For some, sleep - though a natural part of life - is elusive. Though everyone has suffered from occasional sleepless nights from time to time, when insomnia strikes for lengthy periods of time, it stands to reason that there are more significant problems at hand. And such problems, while perhaps of utmost importance to the people experiencing them, may not connect well with outsiders.
This is the leap of logic that Ken Urban does not make in his new play, Or Polaroids (Version 2.1) at HERE. Of course, Urban also does not truly deal with (or even address) insomnia - it's merely a convenient springboard for about an hour of assorted meditations on the nature of horror, blame, guilt, and other things that tend to keep people up at night.
Each of the play's nine scenes is triggered by a Polaroid photograph of a certain object or location, such as a window, a living room, or a theater auditorium. Though each member of the play's five-person cast - Kristin Stewart Chase, Anni Bluhm, Travis York, Maggie Cino, and Andrew Breving - is ostensibly playing someone attempting to work through their sleep problems, Urban's unrealistic (and, yes, dreamlike) staging of the play suggests that the "characters" are really just different aspects of the personality of one sleepless woman (Chase), the voices in her head that keep her thinking and worrying during the long hours from dusk to dawn.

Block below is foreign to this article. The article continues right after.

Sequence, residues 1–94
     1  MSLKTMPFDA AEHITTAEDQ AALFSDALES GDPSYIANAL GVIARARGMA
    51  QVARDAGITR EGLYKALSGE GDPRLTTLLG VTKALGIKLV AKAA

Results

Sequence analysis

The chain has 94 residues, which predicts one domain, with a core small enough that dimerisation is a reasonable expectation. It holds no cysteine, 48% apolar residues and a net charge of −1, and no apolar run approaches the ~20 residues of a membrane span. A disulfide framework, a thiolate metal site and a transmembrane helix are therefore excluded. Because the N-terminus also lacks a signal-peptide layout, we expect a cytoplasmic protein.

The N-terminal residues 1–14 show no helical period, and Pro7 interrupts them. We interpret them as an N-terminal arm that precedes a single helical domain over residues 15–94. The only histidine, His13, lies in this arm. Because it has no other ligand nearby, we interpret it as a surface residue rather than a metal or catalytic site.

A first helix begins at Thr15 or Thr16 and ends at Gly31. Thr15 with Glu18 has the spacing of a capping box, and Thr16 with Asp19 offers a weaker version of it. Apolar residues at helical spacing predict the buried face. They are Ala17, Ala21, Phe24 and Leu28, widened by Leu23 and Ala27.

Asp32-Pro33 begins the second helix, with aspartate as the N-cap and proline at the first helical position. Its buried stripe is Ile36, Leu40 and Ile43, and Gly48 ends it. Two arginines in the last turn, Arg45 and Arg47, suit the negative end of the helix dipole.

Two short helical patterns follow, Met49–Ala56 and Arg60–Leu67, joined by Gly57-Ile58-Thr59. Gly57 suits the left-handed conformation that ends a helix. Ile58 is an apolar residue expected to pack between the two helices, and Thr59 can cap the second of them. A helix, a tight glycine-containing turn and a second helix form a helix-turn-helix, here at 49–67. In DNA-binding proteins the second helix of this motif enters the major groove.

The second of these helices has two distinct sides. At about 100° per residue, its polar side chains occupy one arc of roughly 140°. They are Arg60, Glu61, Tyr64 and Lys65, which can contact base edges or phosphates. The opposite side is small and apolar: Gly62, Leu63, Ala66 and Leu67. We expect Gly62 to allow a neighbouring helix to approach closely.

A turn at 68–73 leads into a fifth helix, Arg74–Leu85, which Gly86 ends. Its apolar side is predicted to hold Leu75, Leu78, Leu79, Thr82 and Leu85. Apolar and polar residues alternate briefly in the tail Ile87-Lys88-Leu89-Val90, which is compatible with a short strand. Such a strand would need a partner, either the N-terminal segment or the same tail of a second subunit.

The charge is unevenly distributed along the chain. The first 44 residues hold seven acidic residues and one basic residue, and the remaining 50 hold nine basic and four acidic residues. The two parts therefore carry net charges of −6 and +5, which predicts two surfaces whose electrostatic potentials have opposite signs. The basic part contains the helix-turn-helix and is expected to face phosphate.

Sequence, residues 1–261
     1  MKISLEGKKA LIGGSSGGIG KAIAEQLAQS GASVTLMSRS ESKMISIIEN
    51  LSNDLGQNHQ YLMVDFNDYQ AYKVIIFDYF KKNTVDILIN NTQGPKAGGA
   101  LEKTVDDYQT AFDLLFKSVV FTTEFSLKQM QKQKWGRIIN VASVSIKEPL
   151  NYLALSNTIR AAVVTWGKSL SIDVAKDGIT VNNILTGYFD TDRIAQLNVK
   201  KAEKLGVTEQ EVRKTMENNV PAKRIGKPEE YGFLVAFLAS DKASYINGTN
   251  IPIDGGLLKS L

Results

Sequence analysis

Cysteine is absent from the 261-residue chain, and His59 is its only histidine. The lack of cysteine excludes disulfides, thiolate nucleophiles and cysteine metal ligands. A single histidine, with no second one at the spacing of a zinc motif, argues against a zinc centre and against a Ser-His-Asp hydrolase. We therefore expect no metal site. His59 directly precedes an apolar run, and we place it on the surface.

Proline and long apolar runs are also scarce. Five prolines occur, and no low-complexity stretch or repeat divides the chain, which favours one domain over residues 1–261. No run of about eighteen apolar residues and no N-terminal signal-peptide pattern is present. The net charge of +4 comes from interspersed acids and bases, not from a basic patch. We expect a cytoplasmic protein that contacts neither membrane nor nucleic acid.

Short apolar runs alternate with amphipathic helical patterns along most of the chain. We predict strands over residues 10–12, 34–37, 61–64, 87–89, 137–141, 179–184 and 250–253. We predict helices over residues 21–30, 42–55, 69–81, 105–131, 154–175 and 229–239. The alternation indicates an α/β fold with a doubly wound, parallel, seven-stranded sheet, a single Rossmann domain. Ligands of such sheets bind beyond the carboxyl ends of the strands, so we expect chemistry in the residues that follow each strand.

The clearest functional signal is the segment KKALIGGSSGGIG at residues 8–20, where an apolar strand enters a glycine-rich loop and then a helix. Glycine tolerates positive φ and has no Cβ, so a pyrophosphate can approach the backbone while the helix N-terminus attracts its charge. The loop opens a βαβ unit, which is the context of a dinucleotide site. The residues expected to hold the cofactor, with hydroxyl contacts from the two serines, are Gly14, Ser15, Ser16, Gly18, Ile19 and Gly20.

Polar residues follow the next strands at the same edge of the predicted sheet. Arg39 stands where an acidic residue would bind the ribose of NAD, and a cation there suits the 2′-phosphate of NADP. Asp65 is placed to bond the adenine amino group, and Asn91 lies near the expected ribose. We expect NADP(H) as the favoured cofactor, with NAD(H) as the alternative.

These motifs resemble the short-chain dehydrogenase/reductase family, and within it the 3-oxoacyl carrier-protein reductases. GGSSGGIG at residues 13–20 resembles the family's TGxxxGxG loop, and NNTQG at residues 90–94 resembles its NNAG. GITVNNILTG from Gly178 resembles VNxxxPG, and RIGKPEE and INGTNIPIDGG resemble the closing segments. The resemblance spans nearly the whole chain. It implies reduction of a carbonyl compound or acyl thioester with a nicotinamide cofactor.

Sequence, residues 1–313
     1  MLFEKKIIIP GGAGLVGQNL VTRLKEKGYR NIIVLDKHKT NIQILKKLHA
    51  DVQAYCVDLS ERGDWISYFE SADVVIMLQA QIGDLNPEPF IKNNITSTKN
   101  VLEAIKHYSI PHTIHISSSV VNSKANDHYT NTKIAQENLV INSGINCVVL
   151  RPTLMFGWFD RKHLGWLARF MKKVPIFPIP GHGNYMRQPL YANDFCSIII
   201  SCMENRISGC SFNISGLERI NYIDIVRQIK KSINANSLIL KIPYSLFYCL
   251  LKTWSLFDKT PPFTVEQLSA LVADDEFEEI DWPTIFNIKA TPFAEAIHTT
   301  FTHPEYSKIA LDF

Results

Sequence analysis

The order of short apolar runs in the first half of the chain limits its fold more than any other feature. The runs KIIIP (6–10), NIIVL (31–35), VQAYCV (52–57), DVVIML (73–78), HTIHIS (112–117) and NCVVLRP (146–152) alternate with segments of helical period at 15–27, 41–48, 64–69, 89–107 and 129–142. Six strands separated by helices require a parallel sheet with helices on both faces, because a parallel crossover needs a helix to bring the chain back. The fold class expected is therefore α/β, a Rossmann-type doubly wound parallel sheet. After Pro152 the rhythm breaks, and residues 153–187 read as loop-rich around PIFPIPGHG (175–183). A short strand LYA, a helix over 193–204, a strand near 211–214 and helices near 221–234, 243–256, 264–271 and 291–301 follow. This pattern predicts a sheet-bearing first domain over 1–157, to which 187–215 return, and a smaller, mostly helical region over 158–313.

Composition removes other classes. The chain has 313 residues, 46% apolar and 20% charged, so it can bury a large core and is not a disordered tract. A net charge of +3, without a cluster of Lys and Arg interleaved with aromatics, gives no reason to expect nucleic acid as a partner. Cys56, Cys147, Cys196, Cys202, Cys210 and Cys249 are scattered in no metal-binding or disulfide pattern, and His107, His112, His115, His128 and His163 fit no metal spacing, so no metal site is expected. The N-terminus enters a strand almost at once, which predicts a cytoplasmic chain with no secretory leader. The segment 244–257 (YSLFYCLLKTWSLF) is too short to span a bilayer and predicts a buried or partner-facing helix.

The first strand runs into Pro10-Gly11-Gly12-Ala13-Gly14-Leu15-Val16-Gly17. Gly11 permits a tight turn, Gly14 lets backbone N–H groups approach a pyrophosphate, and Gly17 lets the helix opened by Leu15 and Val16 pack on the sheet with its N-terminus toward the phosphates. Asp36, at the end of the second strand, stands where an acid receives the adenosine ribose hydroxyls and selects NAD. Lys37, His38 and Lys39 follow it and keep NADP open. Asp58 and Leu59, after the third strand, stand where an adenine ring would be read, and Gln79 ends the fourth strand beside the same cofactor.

Urban's language is endlessly descriptive and vividly poetic, every word and phrase working in concert to create a colorful collage of ideas and images. Urban has not succeeded, however, in finding a way to match the ideas he uses with their presentation - the show's nine stories lack the creativity he displayed in his word choice, depicting events such as rape, murder, pornography, revenge, and so on in a sanitized fashion. The stories erupting from the photographs are beautifully told clichés, but clichés nonetheless.
This makes it unsurprising that none of the cast members really stands out. They're all strong-voiced and articulate, and give Urban's words everything they can. But Urban, in both his script and his staging, gives them too little in return. Sarah Conaway's photographs are the one distinct visual element of the production, but even those are rendered unnecessary by Urban's meticulous description - no one is capable of hiding that this is a show that presents no powerful need to be staged.
Were these words released as a radio drama, or in some other form of distinctly audio presentation, it would probably be more immediately appreciable. As it is, the very words Urban wants to use to draw you into a world of greater social awareness falter and belie his goal. Theatre must live on the stage - Or Polaroid lives solely in the ear.
Or Polaroids (Version 2.1)